Bi-Polar Disorder

Bipolar Disorder

Types, Causes, & Treatments

Bipolar disorder is a mood disorder characterized by impairing episodes of mania and depression. To qualify as a manic episode, the symptoms must result in marked impairment of social or occupational functioning, psychosis, or hospitalization.1 The manic episodes are likely to disrupt your normal daily living routine. Most individuals with BPD experience episodes of major depression, though this is not required for the diagnosis.


What Is Bipolar Disorder?

Bipolar disorder is a mental health disorder whose core feature is a disturbance in mood. The hallmark feature of the diagnosis is mania. Mania is a dysregulated form of mood instability where an individual can feel extreme elation with accompanying disturbances in thinking and behavior. While depression may be present, it is not necessary for a diagnosis. What is needed for a diagnosis is at least one lifetime manic episode. The peak age at onset of bipolar I disorder across studies is between 20 and 30 years, but onset occurs throughout the life cycle.

Types Of Bipolar Disorder

Bipolar disorder is an umbrella term and is not diagnosable in and of itself. There are a few types of bipolar disorders that are diagnosable. The symptoms are broadly the same but differ in intensity and frequency.

Prevalence & Cause of Eating Disorders

According to the National Eating Disorder Association (NEDA), 20 million women and 10 million men in the U.S. will suffer from an eating disorder at some point during their lives.1 There is not one isolated cause for the development of an eating disorder, but rather a broad range of contributing factors including genetics, family history, and combined social and cultural factors.

Bipolar Disorder Treatment

The first line of treatment defense for bipolar disorder is mood stabilizers. These bipolar medications provide the brain a much needed chemical stability allowing the person to not cycle between mood episodes. Antipsychotic drugs are also effective in the acute treatment of mania.11 Most individuals will start to see results from these medications within the first couple of days. Common bipolar medications include: Lithium Lamictal Depakote Tegretol Abilify.
Talk therapy is a wonderful adjunctive treatment. It can help the individual build coping skills to deal with the effects of mania and depression. Psychotherapy is powerful at addressing how the individual feels about being diagnosed with bipolar disorder and managing symptoms. Psychotherapy options for bipolar disorder may include: Cognitive behavioral therapy (CBT): CBT can be helpful, as it helps clients reframe their thoughts and attitudes Motivational interviewing: Motivational interviewing is beneficial when addressing ambivalence toward treatment and increase engagement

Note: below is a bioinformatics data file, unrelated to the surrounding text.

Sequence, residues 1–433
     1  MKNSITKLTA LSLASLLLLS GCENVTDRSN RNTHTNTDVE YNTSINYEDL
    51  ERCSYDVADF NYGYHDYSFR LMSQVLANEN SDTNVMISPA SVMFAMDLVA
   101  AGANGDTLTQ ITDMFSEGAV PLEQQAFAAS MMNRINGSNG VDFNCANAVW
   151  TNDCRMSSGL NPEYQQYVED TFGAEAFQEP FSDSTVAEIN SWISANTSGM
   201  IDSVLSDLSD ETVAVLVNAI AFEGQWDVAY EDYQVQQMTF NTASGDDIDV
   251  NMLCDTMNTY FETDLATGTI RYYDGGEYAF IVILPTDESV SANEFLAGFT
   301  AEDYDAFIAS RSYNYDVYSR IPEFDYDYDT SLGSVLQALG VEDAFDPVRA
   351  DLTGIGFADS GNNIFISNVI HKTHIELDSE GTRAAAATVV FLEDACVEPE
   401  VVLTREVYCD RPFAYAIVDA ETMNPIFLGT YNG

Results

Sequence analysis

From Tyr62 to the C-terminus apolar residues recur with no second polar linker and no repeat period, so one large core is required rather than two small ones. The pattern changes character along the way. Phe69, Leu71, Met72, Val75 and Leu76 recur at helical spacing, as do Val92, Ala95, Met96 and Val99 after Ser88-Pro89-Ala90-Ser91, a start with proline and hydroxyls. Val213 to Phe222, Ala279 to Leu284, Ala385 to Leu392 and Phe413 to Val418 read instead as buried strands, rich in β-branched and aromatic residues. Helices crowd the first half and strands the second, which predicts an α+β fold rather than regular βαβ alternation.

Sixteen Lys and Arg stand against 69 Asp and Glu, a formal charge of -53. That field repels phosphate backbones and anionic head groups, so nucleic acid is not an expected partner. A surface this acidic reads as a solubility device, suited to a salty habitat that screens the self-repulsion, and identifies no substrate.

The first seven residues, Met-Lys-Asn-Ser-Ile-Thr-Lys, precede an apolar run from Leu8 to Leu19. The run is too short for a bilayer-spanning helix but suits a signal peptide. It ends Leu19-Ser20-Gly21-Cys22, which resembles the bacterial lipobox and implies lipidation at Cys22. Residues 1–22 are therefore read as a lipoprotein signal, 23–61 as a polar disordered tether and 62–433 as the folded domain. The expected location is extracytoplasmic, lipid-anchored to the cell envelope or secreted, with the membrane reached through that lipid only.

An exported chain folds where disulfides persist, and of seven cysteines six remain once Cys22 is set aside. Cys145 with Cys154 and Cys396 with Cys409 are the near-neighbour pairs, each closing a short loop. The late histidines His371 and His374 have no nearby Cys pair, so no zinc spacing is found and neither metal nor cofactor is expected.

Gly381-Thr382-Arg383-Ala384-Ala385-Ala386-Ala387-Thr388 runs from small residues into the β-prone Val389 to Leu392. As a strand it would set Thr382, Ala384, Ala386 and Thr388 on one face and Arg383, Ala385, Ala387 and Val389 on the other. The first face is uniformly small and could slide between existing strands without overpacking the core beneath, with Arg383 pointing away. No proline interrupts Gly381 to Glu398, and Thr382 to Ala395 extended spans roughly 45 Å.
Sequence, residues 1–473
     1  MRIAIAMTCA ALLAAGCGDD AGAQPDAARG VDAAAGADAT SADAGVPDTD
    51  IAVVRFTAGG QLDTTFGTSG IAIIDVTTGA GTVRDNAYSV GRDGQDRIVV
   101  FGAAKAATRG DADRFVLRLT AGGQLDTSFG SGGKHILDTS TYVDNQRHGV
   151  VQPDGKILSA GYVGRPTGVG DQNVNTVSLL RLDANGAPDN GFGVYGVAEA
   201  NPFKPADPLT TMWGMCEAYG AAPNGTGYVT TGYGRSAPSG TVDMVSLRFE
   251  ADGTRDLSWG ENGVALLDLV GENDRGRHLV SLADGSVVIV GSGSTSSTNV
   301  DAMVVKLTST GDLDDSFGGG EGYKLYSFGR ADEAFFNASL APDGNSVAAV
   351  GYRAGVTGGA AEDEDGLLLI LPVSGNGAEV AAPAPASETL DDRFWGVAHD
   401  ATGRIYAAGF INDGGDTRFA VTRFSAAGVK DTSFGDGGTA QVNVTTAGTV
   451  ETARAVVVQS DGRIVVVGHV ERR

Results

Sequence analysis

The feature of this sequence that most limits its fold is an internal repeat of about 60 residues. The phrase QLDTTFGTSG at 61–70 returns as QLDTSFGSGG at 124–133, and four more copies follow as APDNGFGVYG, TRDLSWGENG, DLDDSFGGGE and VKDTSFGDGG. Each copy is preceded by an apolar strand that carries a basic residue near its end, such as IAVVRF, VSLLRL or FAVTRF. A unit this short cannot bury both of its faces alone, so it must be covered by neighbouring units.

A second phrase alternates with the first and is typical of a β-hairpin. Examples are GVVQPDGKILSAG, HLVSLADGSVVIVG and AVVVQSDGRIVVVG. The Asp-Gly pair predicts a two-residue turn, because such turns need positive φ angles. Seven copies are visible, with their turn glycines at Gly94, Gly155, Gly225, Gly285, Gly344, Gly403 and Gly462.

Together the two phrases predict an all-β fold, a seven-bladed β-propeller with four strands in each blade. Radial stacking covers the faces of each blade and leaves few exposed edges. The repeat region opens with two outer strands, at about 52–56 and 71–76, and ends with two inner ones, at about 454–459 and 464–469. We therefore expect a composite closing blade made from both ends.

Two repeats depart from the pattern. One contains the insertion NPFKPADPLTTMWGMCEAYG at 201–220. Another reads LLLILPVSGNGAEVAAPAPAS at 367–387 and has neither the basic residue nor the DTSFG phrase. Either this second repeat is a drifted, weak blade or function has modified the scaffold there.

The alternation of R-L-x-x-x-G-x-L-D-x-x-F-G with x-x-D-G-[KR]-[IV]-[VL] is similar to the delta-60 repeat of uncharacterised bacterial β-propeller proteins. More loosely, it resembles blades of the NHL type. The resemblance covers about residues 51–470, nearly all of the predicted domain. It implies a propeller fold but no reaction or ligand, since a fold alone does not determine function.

Other Bipolar Treatment Options
Very little evidence exists of effective strategies for patients who do not respond to first-line treatments.11 The below treatments may be effective on an individual basis but are not considered evidence based. Best practices remain medication and some type of therapy. Other treatment methods of bipolar disorder may include: Electroconvulsive therapy: Electroconvulsive therapy (ECT) treatment involves sending an electrical signal into an individual’s brain in order to rewire the neural passages. Transcranial magnetic stimulation: This treatment involves magnets to stimulate nerve cells in the brain. Hospitalization: Hospitalization is necessary when a person has decompensated to a point where they cannot function. Their ability to take care of themselves is diminished and they are at risk to harm themselves or others. A trip to the hospital may only result in a few day stay in the psychiatric ER until the person is stable, rather than hospitalization in a psychiatric inpatient unit.

Finding Treatment

A primary care provider (PCP) is a good place to start looking for care if you are concerned. While a PCP may diagnose and treat you, this is not their specialty. It is best to receive care from a mental health care specialist on the matter, including a psychologist and psychiatrist. Sometimes an individual or their family may not recognize signs and symptoms until it is too late and the individual will require hospitalization after an acute episode. A psychiatrist will help diagnose and prescribe medication. A psychologist can also diagnose but cannot prescribe medication. The psychologist can help with providing various forms of therapy and care coordination of resources. A psychiatrist may even refer you to a psychologist and vice versa. To find the right therapist, you can try searching an online therapist directory
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